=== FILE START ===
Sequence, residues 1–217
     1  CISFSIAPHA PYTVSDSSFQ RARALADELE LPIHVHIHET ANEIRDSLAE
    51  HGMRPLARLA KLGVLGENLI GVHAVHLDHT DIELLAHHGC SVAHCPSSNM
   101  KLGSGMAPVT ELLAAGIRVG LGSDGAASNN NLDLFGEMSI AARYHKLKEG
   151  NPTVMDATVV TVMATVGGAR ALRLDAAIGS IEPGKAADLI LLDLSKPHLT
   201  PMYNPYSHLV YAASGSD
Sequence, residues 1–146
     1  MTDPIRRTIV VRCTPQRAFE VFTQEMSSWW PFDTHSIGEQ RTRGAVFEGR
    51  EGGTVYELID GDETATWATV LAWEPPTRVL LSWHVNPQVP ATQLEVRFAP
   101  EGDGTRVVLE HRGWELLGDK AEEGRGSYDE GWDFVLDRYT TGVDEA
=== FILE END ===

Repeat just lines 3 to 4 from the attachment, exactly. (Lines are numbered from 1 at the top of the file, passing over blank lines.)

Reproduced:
    51  HGMRPLARLA KLGVLGENLI GVHAVHLDHT DIELLAHHGC SVAHCPSSNM
   101  KLGSGMAPVT ELLAAGIRVG LGSDGAASNN NLDLFGEMSI AARYHKLKEG